Accommodations Florence


B&B in Florence


Apartments in Florence








Custom Your Vacation


Tuscany Travel Guide

Contact
Telephone
Rent-a-Car
Home

Basilica di San Miniato al Monte

In the central nave of the Basilica stands the magnificent so called Cappella del Crocefisso (Chapel of the Crucifix) which has the classical features of a Tabernacle.
It was projected in 1448 by the great Florentine architect and sculptor Michelozzo Michelozzi on commission of Cosimo de Medici “The Elder”.
By then the Chapel hosted the miraculous crucifix of San Giovanni Gualberto, currently preserved in the Basilica of Santa Trinità, Florence.
The superstructure of the Tabernacle is supported by two columns and two half pilasters with capitals of different sorts.
The Altar is ornamented by beautiful panels representing San Giovanni Gualberto and San Minaito  by the well-known Tuscan painter Agnolo Gaddi (1350 ca.-1396) son of the most famous Taddeo Gaddi.
Agnolo Gaddi begun his paintings in the Chapel in 1394, but he left them unfinished because of his death occurred two years later.
The sides of the Chapel are decorated with some episodes of the Passion of Jesus Christ and the crown of the arch is embellished by the Ascension flanked by the Annunciation. The predella (lower part of the altarpiece) represents the Virgin and the Twelve Apostles.  
The polychromatic glazed terracotta on the external side of the covered roof is believed a masterwork by Luca Della Robbia.

 

The marvellous, but unfortunately unfinished, Campanile of the Basilica di San Miniato al Monte was projected by the eminent Florentine architect and sculptor Baccio D’Agnolo (byname of Bartolomeo Baglioni, 1462-1543), but around 1498 the work was interrupted.

To the right of the Basilica stands the Bishop’s Palace, the former summer residence of the Florentine Bishopric. It was built between 1295 and 1320. Afterwards the building became a convent, subsequently a hospital and then the site of the Company of Jesus, the religious order founded in 1540 by San Ignacio de Loyola (Azpeitia (Guipúzcoa), 1491 ca. - Rome, 1556).
The religious site is surrounded by fortified walls, which were originally projected and rapidly constructed by Michelangelo Buonarotti (Caprese (Arezzo), 1475 – Rome, 1564) by the beginning of the siege of Florence and afterwards enlarged by order of Cosimo I de Medici, Grand Duke of Tuscany from 1537 to1574.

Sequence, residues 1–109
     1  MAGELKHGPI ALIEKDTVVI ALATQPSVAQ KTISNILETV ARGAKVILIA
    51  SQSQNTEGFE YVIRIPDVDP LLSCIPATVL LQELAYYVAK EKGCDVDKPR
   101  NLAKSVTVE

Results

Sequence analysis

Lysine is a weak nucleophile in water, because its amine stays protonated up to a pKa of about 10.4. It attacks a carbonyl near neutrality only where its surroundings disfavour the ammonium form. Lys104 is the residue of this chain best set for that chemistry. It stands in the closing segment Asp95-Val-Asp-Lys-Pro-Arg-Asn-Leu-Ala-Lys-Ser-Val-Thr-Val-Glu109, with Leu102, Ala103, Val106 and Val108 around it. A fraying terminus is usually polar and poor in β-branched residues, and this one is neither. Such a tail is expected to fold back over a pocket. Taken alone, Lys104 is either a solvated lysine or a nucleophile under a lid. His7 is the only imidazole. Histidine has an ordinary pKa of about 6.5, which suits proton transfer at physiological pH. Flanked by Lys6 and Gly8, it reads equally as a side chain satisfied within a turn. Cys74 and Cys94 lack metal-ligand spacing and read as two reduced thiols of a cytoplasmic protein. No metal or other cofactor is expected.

Since 1854, those walls include a big graveyard called “Porte Sante” (Blessed Doors).
Several illustrious persons are there buried: the writer Carlo Collodi (byname of Carlo Lorenzini); the poet and writer Luigi Ugolini; the writer Giovanni Papini; the painter Pietro Annigoni; the sculptor Libero Andreotti and the statesman Giovanni Spadolini.

On the 24th October 1529 the troops of the Emperor Charles I of Spain and V of Germany together with the troops reunited by Pope Clemente VII, conducted by Philibert of Chalôn, Prince of Orange, besieged the once more proclaimed (1527) Republic of Florence in order to restore the Medici monarchy.
The religious complex, because of its strategic position, became by the time one of the main fortifications. History speaks about a brave republican military official named Lapo who offered him voluntarily to fight on the highest part of the linked Campanile with two cannons. The great Michelangelo was designated responsible of the protection of the strengthening.
He invented a bright system to safeguard the buildings and the life of the courageous Lapo, which consisted of hanging down the stow mattresses of the friars, as well as all the mattresses collected among the inhabitants of the neighbouring areas, to cover the external sides of both the Basilica and the Campanile so to soak up the impact of the cannonballs of the enemy.
Although the troops of the Republic of Florence, conducted by Francesco Ferrucci, were defeated on the 10th August 1530 by the most numerous and powerful monarchic battalions, being crowned Alessandro de Medici as sovereign of Florence, Michelangelo succeeded in saving the brave Lapo and the magnificent religious site. Wasn’t it another San Minias’miracle?

The Basilica of San Miniato al Monte opens daily.
From April to September: 8am-noon; 2-7pm.
From October to March: 8am-noon; 2:30- 6pm.

Oltrarno Side of Florence

The Cathedrals : Basilica di San Miniato al Monte, Cappella Brancacci, Santo Spirito

Main Monuments : Palazzo Pitti, Piazzale Michelangelo, Ponte Vecchio

Click here for compleate Florence Travel Guide


The Tuscany Travel Blog

If you have recently visited Tuscany or you would like to visit Tuscany we now offer the Tuscany Travel Blog Here you have the opportunity to share your experience, request information or impressions to other customers, and also become an author of the Blog yourself!

© 2011 Holiday Apartment Tuscany, Divino Villas S.L.. - Barcelona Spain - NIF B63647671. All rights reserved. | Privacy